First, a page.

Keep off teacher recruitment, Ruto tells politicians

President Ruto in Baringo

President William Ruto addresses residents during the Annual Kimalel Goat Auction in Baringo County yesterday. Looking on are Baringo Governor Benjamin Cheboi (centre) and his Nakuru counterpart Susan Kihika.

Photo credit: Jared Nyataya | Nation Media Group

President William Ruto has told members of Parliament to keep off the ongoing teacher recruitment to allow the Teachers Service Commission (TSC) to carry out its work professionally.

However,Dr Ruto agreed with MPs that the application deadline be extended and that TSC should be allowed to staff schools that will have junior secondary school (JSS) when they open next month.

Some MPs have been accused of mobilising unemployed teachers from their constituencies to lock out others viewed as outsiders since TSC advertised more than 35,000 vacancies this month.

“I want to ask politicians and other leaders to give us an opportunity to address the challenge that we have in our education sector. Let’s not introduce too many diversions. Allow the TSC and the ministry to work on the statistics to make sure that we have at least one teacher in every JSS class,” the President said at the Kimalel Annual Goat Auction in Baringo County.

“Education is very important. Many parents are anxious and they want their children to progress with learning. We’re doing reforms during a tricky period. We must agree to have a transition that’ll not bring problems to parents,” he added.

Dr Ruto said the government had made plans for all learners who were in Grade Six to transition to JSS within the primary schools they attended so that they are not far from their parents. This, he said will make education affordable for the parents.

He said extra classrooms and laboratories would be built in every primary school.

“I can only allow the extension of the exercise but not political leaders interfering with process. Our children are too important for leaders politicise the exercise,” said the Head of State. He noted that the state was banking on recruitment of 35,000 new teachers to support in the transition of Grade Six to junior secondary next year and address the shortage of teachers.

"The reason we are recruiting new teachers is because we want every school to have at least one teacher in junior secondary to support 100 per cent transition," explained Dr Ruto.

He also directed reopening of schools in banditry-prone areas in in Baringo County by January as the government intensifies a crackdown on suspects behind the insecurity.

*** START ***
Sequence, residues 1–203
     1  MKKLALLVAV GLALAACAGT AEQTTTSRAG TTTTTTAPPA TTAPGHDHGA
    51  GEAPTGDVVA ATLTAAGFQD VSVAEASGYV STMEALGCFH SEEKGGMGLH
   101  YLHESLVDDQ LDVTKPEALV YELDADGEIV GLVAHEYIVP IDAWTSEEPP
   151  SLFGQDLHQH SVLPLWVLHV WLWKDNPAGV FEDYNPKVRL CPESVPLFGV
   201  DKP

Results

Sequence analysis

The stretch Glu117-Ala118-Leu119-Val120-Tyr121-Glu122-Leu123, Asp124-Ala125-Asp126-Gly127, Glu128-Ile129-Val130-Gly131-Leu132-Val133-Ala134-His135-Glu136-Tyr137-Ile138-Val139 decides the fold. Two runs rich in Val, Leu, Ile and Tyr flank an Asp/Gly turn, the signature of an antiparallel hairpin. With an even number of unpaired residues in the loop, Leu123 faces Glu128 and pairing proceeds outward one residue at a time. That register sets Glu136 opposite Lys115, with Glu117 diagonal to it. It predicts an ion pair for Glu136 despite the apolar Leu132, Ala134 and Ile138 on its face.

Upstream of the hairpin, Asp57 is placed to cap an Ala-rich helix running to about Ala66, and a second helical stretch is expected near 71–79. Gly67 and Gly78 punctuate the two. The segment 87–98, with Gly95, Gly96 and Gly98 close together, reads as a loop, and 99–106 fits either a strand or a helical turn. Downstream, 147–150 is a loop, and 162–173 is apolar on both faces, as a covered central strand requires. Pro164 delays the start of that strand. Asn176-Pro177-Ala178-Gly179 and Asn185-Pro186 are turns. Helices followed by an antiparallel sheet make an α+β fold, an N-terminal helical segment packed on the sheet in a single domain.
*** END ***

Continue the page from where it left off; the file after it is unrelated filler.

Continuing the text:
President Ruto directed Rift Valley Regional Commissioner Maalim Mohammed to ensure the eight schools in Baringo North and Baringo South constituencies are reopened.

“We will not allow the schools to remain closed because we shall be losing a whole generation. I have asked regional commissioner to use all means to ensure that the closed schools are re-opened next month," said Dr Ruto.

Meanwhile, the TSC yesterday advertised 14,738 positions for promotion of teachers to administrative positions just days after members of Parliament castigated the commission for failing to promote teachers.

Most of the positions will go to primary schools, where there are 7,720 vacancies for Deputy Headteacher II and 2,733 for headteachers. The highest number for vacancies in secondary schools is 1,330 for Secondary Teacher I.

The Nation understands that the vacancies have arisen from retirements, resignations or deaths and in some cases, there have been teachers in acting capacity.

The national chair of the Kenya Union of Post Primary Education Teachers Omboko Milemba estimates that teachers in acting capacity are owed Sh1 billion by the government in unpaid compensation.

“This is a pending bill that’s not qualified. This is exploitation of labour by the TSC and the government. I’ve put a question in Parliament but I’m doing research with my office staff to back the numbers up. It’s become impossible to be promoted unless you’re in administration,” Mr Milemba, who is also the MP for Emuhaya Constituency, said in a past interview with the Nation.

There are 602 vacancies for secondary school principals, 725 for Deputy Principal II and 224 for Deputy Principal III. The commission has also invited applications for 73 Chief Principal applications.

There are additional vacancies for 1,021administrators in arid and semi-arid, as well as hard-to-staff areas.

TSC commissioners appeared before the Education Committee of the National Assembly last week and this week and were hard-pressed to explain why they have not been promoting teachers.

“The commission has not been granted additional budgetary allocations for the promotion of teachers for the past 10 years except in July 2017 ...,” said Ms Nancy Macharia, the TSC chief executive, explaining that promotion was consequently based on vacancies from natural attrition.